Column by Rob Salkowitz
Posted by Rob Salkowitz on August 22, 2017 @ 4:47 am CT
The Madefire announcement calls attention to the digital market which has stagnated a bit under one party rule, and may get the competitive juices flowing a bit. However, the real challenges for comiXology are elsewhere.
DC Diversifies. According to the announcement, “thousands of titles featuring the world’s greatest Super Heroes from DC’s beloved back catalogue will soon be available on the Madefire App… Comprising the single biggest update of new content since the platform launched, Madefire will host more than 80,000 comics and Motion Books by 2018.”
Madefire has been hosting a small number DC titles for several years in the company’s deluxe Motion Book (digital comics with added effects and sound) format. The new material is what Madefire calls “print books” – essentially PDFs with nothing added, not even some version of the panel-by-panel Guided View experience offered on comiXology.
Barring special promotions, each comic is individually priced. If you are waiting for DC to offer its own alternative to Marvel’s all-you-can-eat Marvel Unlimited subscription, you’ll have to keep waiting.
For change’s sake. It’s hard to say what Madefire brings to the table besides the advantage of being not-Amazon. Their app is available on Windows, Apple TV and Android TV, unlike Comics by comiXology, although there are work-arounds for getting comiXology content on those screens if you really want to. More significantly, Madefire still offers in-app purchasing on iOS, which a lot of customers miss. But their market share is so small relative to cX and Kindle that it’s unclear how much of a benefit that will be to DC.
Madefire has also been more willing to experiment in delivery formats. While comiXology CEO David Steinberger is an avowed believer in the basic comic book format, and strives to keep that reading experience at the center of cX’s technology approach, Madefire has pushed the envelope with motion books, panoramic and immersive transformation of the artwork, subtle sound design, and recent excursions into the world of virtual reality.
Again, that has not translated much to the bottom line. Madefire’s app is highly rated by users, but barely charts on App Annie’s revenue metrics, whereas Amazon, between cX and Kindle, probably accounts for upwards of 90% of the $90M digital comics market.
Small screens, big picture. Madefire’s announcement would have made a bigger splash in 2012 or 2013, when there was still vibrant competition and sky’s-the-limit growth in the digital comics space. Today, Amazon enjoys so many structural advantages that it’s hard to see how any developments in terms of publisher or partnership agreements could alter the fundamentals of the market, short of Marvel pulling its titles from cX and moving them to another platform altogether. And that is… unlikely.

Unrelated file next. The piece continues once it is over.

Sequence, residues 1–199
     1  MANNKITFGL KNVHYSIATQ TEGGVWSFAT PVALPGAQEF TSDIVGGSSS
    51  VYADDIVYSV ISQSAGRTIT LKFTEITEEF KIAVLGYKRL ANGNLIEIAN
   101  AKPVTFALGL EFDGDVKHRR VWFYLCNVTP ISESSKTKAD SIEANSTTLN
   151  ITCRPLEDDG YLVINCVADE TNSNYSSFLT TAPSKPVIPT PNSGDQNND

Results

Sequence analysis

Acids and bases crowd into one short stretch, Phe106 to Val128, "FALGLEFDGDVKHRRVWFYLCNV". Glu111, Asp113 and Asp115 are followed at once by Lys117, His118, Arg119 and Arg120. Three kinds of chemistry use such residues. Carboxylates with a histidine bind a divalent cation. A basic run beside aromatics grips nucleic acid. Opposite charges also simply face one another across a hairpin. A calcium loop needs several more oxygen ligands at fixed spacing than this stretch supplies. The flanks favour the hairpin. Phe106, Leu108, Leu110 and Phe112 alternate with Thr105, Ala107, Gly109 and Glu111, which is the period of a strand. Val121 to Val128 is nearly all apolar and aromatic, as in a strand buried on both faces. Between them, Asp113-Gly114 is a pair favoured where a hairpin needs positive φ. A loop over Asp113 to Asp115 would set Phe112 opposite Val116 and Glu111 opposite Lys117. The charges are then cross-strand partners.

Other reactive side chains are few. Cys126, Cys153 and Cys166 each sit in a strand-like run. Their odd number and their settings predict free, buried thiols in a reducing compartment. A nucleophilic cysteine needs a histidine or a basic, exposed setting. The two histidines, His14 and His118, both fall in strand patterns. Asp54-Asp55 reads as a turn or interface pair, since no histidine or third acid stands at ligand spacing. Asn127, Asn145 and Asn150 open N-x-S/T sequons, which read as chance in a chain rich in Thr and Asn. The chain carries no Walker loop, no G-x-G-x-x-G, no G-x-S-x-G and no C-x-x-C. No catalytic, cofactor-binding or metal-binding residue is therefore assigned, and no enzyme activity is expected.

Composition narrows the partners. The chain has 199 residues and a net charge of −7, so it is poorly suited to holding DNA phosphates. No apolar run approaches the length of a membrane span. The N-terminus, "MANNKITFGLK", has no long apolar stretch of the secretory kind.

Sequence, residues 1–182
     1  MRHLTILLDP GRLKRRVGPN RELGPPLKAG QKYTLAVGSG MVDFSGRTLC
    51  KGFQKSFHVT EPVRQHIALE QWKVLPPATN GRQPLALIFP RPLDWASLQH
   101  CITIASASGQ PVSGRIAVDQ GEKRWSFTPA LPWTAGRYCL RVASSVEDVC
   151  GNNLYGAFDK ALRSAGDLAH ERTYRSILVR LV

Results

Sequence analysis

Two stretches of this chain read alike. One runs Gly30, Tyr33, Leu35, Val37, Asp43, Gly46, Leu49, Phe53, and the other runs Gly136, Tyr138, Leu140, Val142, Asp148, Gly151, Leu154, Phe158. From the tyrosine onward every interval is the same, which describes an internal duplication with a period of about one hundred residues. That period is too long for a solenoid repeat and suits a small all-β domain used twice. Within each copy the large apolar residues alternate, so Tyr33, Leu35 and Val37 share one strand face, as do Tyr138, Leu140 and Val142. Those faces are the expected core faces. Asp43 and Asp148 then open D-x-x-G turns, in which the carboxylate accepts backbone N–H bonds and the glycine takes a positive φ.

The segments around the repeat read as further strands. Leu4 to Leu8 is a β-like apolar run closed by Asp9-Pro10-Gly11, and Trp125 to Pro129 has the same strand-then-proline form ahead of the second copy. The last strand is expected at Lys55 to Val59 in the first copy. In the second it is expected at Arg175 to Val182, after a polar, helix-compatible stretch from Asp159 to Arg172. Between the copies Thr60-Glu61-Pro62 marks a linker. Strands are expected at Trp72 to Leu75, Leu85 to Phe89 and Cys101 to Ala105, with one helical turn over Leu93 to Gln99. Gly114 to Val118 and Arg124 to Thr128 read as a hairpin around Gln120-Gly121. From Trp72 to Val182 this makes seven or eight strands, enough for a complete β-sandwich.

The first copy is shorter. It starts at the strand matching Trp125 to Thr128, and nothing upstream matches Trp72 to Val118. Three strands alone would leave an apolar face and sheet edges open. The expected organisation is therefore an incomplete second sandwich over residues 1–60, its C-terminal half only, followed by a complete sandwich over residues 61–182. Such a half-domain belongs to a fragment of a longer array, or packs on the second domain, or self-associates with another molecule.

The competitors that Amazon worries about are Google, Apple, and maybe media giants like Comcast, none of whom have been able to make much of a dent in the digital comics space. The reason they worry isn’t necessary that those companies will steal a slice of the comics pie from Amazon. Total up every digital comic sold worldwide and it still amounts to a rounding error in Amazon’s quarterly report.
However, the comic customer is a proxy for the much larger licensed merchandise consumer and media fan market. To the extent that you know who comic readers are, what they like, what else they like, and how they find new things to like, you have a window into the mind of the hardest core of fandom. ComiXology knows. They have the data.
Amazon’s challenge is to turn that data into insights that can help them outgun Netflix on original content, cross-sell comics and related merchandise across all categories, and mobilize global audiences in all kinds of interesting and lucrative ways. Madefire does not threaten that, even if they could get Marvel on board as well as DC, and even if they sold themselves to Google tomorrow.
Discovery is the next battleground. The most interesting questions on the digital side are how you get the new customers onto your platform and help them find the content they want. Just look at everything comiXology is doing and saying about expanding the market; they understand this is the real venue where the future of comics will be decided (see "Interview with ComiXology CEO David Steinberger").
Platforms like Tapas, which offers a range of webcomics and exclusive digital content in a vertically-scrolling, mobile-friendly format; and Crunchyroll, which features streaming manga and anime content, seem much closer to figuring this out and thus more threatening to the incumbents.
The bottom line is that if you are still fighting over DC customers, you are fighting the last war. Comics for kids, tweens, teens and YA content is reaching customers way outside the traditional market, and those customers are the future.
Every year that passes, the new audience gets bigger, more diverse, more intense, and more affluent. They buy more stuff from more channels and express their fandom in lots of public, visible ways. Every year that passes, DC’s customers get a year older.
Having DC on board is more helpful to Madefire than not having them, just as being on Madefire is marginally more helpful to DC than being stuck with one primary digital outlet, but it does not bring either of them closer to disrupting comiXology’s hold on the market. That disruption, I expect, will come from somewhere completely unexpected.
Rob Salkowitz (@robsalk) is author of Comic-Con and the Business of Pop Culture.
The opinions expressed in this column are solely those of the writer, and do not necessarily reflect the views of the editorial staff of ICv2.com.
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